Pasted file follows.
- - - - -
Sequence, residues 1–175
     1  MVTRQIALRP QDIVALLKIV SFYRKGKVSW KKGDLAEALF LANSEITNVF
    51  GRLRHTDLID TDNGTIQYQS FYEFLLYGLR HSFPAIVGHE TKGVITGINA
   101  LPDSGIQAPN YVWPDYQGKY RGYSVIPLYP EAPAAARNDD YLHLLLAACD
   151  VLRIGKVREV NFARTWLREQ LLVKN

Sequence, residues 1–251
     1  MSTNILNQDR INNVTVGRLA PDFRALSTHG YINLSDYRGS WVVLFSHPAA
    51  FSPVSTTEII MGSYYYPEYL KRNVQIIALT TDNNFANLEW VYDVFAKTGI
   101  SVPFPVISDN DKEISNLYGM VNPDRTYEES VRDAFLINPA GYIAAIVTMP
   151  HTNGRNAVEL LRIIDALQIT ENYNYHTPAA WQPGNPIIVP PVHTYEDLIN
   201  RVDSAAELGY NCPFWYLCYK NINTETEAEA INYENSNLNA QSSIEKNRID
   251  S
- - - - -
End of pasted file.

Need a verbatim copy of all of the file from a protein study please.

Sequence, residues 1–175
     1  MVTRQIALRP QDIVALLKIV SFYRKGKVSW KKGDLAEALF LANSEITNVF
    51  GRLRHTDLID TDNGTIQYQS FYEFLLYGLR HSFPAIVGHE TKGVITGINA
   101  LPDSGIQAPN YVWPDYQGKY RGYSVIPLYP EAPAAARNDD YLHLLLAACD
   151  VLRIGKVREV NFARTWLREQ LLVKN

Sequence, residues 1–251
     1  MSTNILNQDR INNVTVGRLA PDFRALSTHG YINLSDYRGS WVVLFSHPAA
    51  FSPVSTTEII MGSYYYPEYL KRNVQIIALT TDNNFANLEW VYDVFAKTGI
   101  SVPFPVISDN DKEISNLYGM VNPDRTYEES VRDAFLINPA GYIAAIVTMP
   151  HTNGRNAVEL LRIIDALQIT ENYNYHTPAA WQPGNPIIVP PVHTYEDLIN
   201  RVDSAAELGY NCPFWYLCYK NINTETEAEA INYENSNLNA QSSIEKNRID
   251  S